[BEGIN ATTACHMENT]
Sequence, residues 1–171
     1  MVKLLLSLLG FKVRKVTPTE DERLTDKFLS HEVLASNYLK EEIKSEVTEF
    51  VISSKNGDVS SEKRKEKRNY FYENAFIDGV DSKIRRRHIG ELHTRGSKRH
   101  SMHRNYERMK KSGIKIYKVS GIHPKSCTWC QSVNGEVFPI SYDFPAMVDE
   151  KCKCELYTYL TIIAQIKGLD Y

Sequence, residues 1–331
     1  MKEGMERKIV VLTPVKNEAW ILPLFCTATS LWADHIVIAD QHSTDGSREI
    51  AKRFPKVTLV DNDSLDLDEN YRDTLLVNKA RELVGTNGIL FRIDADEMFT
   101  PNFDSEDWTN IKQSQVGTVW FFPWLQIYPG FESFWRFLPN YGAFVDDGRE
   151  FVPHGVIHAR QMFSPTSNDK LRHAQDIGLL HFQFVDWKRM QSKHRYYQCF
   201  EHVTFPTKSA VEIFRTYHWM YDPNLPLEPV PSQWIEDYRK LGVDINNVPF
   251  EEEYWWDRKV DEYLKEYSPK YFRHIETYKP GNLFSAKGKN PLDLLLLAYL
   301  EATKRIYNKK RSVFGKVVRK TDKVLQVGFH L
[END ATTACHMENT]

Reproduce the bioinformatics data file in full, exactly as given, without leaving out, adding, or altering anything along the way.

Sequence, residues 1–171
     1  MVKLLLSLLG FKVRKVTPTE DERLTDKFLS HEVLASNYLK EEIKSEVTEF
    51  VISSKNGDVS SEKRKEKRNY FYENAFIDGV DSKIRRRHIG ELHTRGSKRH
   101  SMHRNYERMK KSGIKIYKVS GIHPKSCTWC QSVNGEVFPI SYDFPAMVDE
   151  KCKCELYTYL TIIAQIKGLD Y

Sequence, residues 1–331
     1  MKEGMERKIV VLTPVKNEAW ILPLFCTATS LWADHIVIAD QHSTDGSREI
    51  AKRFPKVTLV DNDSLDLDEN YRDTLLVNKA RELVGTNGIL FRIDADEMFT
   101  PNFDSEDWTN IKQSQVGTVW FFPWLQIYPG FESFWRFLPN YGAFVDDGRE
   151  FVPHGVIHAR QMFSPTSNDK LRHAQDIGLL HFQFVDWKRM QSKHRYYQCF
   201  EHVTFPTKSA VEIFRTYHWM YDPNLPLEPV PSQWIEDYRK LGVDINNVPF
   251  EEEYWWDRKV DEYLKEYSPK YFRHIETYKP GNLFSAKGKN PLDLLLLAYL
   301  EATKRIYNKK RSVFGKVVRK TDKVLQVGFH L